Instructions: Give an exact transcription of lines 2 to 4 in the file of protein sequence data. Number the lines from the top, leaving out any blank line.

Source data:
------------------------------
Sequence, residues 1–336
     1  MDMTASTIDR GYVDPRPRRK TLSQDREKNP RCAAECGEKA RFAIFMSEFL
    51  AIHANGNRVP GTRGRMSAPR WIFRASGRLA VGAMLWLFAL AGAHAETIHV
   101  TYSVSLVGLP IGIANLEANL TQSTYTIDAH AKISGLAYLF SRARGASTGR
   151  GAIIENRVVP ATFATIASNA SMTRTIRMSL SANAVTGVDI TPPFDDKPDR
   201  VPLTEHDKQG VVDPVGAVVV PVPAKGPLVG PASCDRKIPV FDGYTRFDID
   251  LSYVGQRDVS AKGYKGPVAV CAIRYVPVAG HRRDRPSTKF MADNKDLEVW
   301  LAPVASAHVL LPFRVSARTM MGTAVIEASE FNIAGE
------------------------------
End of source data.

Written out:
     1  MDMTASTIDR GYVDPRPRRK TLSQDREKNP RCAAECGEKA RFAIFMSEFL
    51  AIHANGNRVP GTRGRMSAPR WIFRASGRLA VGAMLWLFAL AGAHAETIHV
   101  TYSVSLVGLP IGIANLEANL TQSTYTIDAH AKISGLAYLF SRARGASTGR